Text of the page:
The microclimate of an area while sitting on a cushion must be monitored to prevent temperature build-up which leads to moisture, maceration, and pressure ulcer.
Clinicians should consider microclimatic materials which cool the area and delay temperature build-up. Microclimatic materials will also reduce perspiration (moisture).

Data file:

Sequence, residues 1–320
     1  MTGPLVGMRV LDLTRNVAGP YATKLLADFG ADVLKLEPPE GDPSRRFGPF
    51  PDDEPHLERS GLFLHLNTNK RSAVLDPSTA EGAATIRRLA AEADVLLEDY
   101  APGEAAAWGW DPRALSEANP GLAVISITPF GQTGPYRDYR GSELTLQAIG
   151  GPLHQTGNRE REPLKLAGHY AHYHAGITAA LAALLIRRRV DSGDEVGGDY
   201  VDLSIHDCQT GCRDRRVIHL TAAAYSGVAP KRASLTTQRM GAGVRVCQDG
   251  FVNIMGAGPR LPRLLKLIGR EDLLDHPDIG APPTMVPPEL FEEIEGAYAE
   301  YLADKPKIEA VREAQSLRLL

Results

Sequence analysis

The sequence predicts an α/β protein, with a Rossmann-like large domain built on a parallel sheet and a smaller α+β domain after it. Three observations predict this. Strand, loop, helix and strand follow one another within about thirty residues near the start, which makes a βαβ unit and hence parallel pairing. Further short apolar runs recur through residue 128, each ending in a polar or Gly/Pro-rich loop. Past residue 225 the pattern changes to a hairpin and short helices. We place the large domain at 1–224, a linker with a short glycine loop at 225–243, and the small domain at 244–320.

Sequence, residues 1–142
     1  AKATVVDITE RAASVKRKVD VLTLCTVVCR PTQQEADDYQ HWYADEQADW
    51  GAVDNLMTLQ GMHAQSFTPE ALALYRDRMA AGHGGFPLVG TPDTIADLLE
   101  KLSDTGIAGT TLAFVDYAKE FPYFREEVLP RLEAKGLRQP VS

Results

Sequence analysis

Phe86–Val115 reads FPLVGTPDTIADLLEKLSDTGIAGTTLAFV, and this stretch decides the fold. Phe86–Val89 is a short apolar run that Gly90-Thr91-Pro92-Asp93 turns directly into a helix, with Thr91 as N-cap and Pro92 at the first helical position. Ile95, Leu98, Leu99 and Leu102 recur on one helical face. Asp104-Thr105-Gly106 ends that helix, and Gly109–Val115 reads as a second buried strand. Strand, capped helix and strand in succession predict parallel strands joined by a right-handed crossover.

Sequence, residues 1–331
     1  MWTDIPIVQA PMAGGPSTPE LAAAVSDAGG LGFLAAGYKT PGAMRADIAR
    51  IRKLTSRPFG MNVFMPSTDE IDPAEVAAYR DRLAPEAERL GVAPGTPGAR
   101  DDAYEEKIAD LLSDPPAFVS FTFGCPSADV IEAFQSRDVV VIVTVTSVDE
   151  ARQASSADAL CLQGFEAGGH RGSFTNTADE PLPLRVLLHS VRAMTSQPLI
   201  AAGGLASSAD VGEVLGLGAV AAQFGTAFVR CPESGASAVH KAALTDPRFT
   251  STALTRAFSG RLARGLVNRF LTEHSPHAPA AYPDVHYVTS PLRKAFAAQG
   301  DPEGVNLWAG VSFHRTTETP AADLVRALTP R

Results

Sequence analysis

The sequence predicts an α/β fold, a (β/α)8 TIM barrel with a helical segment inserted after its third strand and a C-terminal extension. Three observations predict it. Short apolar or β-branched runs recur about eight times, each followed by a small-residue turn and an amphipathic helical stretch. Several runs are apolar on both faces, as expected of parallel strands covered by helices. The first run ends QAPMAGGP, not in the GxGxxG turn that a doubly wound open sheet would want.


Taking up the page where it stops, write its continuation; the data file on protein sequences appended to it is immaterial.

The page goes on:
Although tissue breakdown has been attributed to excess heat and moisture, skin that is too dry is also more prone to pressure ulcer.
Microclimatic material encourages the passage of air, heat, and water vapor from the user; therefore materials that promote a stable microclimate in the cushion should be considered.